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Stablecoins aim to keep their value “pegged” or stable in relation to a specific asset or the price of an asset.
Made to withstand market volatility, they prove to be an effective medium of exchange.
There are two types of stablecoins, based on the type of asset they are tied to.
Reserve-backed stablecoins like USDC maintain a 1:1 ratio with the US dollar. For every USDC token, there is $1 held in the USDC treasury.
Algorithmic stablecoins are tied to the target price of $1. To keep the $1 peg, the algorithm adjusts the supply.
If the token price exceeds $1, the algorithm increases the supply to bring the price down, and vice versa.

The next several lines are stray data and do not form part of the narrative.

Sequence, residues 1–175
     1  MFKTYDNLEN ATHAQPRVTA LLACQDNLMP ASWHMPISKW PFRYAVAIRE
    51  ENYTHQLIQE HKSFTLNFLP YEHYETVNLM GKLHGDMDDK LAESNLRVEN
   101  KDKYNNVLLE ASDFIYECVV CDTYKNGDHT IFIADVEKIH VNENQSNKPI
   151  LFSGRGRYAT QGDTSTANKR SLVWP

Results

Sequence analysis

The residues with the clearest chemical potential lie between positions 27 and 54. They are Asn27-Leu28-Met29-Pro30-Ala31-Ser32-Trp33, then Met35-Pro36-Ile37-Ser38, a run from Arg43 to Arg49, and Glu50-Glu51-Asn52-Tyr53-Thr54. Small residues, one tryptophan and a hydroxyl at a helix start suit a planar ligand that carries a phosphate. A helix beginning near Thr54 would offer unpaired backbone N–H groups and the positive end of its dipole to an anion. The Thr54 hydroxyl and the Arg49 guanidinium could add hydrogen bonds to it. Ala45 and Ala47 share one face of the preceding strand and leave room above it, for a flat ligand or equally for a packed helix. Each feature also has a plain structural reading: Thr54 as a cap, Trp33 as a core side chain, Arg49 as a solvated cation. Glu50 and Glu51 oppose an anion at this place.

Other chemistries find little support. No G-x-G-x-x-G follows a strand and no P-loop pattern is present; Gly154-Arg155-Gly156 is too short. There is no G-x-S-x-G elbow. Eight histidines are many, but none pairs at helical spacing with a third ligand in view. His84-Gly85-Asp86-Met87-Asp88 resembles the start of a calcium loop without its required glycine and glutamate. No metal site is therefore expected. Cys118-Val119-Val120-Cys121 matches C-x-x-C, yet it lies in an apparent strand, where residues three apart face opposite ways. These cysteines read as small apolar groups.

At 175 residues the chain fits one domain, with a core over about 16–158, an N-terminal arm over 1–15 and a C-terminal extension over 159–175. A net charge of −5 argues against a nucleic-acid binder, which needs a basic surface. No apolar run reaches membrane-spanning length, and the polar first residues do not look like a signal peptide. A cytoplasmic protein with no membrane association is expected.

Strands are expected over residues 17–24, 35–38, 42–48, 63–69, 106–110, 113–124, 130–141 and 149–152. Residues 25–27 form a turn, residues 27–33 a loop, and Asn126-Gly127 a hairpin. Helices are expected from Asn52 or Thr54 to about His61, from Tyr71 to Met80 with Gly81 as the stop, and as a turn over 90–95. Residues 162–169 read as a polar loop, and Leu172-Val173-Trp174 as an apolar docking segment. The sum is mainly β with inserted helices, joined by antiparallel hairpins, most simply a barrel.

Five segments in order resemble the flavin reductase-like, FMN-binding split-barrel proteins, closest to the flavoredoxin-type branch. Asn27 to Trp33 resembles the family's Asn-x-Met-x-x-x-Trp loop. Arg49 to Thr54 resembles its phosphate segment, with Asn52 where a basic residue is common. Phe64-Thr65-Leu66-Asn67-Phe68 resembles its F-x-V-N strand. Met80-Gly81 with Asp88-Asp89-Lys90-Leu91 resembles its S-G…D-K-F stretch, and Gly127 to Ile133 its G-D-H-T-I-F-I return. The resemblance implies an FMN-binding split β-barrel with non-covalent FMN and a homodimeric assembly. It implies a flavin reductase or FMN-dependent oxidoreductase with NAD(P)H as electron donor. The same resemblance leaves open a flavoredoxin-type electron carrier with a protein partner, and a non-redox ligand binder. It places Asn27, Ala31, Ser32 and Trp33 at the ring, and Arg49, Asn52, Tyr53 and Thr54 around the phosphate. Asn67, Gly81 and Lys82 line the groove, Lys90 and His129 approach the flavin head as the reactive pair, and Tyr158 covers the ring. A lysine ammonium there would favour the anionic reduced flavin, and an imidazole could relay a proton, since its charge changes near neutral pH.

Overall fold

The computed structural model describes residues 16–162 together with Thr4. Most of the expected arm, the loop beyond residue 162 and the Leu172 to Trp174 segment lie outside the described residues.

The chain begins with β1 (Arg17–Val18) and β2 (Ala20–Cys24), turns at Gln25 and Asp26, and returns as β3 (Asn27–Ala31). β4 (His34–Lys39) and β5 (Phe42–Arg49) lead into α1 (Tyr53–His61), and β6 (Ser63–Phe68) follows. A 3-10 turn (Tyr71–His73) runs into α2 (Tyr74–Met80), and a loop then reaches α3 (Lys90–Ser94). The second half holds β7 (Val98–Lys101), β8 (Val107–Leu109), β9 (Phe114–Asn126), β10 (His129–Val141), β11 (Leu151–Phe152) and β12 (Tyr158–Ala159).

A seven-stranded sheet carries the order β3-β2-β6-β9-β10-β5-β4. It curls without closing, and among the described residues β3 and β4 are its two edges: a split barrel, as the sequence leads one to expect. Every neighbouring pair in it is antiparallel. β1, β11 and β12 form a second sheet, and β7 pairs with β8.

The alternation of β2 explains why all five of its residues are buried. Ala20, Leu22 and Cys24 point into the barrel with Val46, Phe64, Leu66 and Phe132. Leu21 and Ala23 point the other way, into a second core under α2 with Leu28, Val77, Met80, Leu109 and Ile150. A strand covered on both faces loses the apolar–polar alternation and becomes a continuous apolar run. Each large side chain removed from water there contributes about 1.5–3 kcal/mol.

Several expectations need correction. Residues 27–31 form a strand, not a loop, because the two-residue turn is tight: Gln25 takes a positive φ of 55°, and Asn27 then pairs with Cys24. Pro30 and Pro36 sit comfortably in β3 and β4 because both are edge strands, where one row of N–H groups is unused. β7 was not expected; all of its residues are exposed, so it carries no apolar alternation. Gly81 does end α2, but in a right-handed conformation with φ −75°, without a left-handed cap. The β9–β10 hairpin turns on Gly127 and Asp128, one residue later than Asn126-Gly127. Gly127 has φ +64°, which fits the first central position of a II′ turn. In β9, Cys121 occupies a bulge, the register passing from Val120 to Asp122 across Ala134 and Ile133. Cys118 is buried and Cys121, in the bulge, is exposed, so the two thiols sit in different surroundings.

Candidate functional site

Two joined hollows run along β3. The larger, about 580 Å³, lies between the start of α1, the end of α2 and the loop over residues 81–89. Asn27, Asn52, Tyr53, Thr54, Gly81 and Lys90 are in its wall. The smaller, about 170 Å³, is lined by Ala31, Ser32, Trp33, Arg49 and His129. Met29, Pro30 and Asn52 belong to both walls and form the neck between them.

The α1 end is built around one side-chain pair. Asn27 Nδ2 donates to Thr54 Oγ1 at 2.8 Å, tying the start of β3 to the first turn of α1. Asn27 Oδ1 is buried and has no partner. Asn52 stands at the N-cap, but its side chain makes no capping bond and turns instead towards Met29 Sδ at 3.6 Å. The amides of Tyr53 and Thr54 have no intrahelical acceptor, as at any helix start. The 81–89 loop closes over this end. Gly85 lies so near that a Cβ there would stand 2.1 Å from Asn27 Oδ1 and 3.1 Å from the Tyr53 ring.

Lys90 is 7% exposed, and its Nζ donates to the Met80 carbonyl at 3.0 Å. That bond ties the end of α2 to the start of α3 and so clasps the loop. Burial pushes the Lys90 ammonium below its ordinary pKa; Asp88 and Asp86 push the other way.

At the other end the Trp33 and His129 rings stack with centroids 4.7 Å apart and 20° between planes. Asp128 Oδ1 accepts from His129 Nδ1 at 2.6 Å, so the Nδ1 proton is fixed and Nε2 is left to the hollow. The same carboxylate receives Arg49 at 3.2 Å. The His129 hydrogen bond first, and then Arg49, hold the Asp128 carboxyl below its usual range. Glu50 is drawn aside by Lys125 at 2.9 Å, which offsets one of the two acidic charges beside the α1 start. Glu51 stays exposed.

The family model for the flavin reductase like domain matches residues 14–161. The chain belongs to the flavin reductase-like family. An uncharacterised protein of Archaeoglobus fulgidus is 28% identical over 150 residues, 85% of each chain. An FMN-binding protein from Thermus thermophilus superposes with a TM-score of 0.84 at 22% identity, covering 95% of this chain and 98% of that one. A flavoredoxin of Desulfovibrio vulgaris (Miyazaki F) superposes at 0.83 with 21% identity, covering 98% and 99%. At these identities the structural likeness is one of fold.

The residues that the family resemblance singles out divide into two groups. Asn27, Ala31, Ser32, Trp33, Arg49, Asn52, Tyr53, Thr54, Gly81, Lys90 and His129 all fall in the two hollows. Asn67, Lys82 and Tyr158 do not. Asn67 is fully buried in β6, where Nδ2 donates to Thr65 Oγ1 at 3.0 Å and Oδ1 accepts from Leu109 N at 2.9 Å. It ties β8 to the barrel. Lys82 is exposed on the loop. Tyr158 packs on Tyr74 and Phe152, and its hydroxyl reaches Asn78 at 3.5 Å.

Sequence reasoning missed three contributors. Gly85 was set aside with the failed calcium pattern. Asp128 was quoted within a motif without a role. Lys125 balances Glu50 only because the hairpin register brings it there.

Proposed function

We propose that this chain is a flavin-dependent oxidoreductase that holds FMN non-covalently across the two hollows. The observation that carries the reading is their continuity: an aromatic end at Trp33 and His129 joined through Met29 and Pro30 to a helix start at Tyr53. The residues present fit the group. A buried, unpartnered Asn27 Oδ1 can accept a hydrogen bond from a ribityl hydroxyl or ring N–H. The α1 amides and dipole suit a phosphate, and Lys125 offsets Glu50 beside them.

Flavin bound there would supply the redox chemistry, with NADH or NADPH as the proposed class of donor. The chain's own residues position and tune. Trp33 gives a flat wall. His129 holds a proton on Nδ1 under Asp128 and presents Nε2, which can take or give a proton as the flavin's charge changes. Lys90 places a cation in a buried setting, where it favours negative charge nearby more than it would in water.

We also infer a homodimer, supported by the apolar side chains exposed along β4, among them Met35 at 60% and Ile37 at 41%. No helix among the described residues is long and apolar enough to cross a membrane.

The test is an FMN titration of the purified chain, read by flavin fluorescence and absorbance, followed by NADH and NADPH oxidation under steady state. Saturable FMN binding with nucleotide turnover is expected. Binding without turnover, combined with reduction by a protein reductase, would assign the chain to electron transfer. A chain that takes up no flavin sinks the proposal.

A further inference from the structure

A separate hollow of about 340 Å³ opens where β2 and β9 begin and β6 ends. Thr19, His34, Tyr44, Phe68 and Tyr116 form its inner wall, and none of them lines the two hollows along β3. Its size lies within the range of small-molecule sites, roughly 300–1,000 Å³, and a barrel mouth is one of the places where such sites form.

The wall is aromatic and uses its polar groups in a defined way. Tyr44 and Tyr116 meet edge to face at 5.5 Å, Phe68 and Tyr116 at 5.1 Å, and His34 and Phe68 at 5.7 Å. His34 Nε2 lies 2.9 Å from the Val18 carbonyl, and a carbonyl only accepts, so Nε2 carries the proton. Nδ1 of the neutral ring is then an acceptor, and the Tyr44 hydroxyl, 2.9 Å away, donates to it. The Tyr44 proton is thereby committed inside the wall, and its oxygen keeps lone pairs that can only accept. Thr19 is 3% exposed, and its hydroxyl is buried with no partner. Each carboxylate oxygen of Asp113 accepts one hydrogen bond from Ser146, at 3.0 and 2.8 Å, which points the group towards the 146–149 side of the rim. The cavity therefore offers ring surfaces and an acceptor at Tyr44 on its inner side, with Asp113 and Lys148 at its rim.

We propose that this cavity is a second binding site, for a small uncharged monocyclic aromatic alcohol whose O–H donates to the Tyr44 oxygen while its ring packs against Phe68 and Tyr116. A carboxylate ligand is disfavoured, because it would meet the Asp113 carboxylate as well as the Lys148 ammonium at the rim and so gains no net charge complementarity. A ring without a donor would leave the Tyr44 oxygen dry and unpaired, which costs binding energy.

Stablecoins allow crypto users to make purchases, lend, borrow, and do much more without relying on volatile assets like Ethereum and Bitcoin.
Some coins, however, have lost their peg in the past.
Stablecoins may trade below $1 during exceptional market stress when holders lose confidence in the backing of the coin.
But normally, the price of a stablecoin will not change by more than a few thousandths of a dollar.
The first stablecoins were released in 2014, and while they’re not as old and ubiquitous as Bitcoin, they have quickly become critical to the ecosystem.
Today, there are a variety of stablecoins on every major blockchain.
Hint: Stablecoins were created to be less volatile than other cryptocurrencies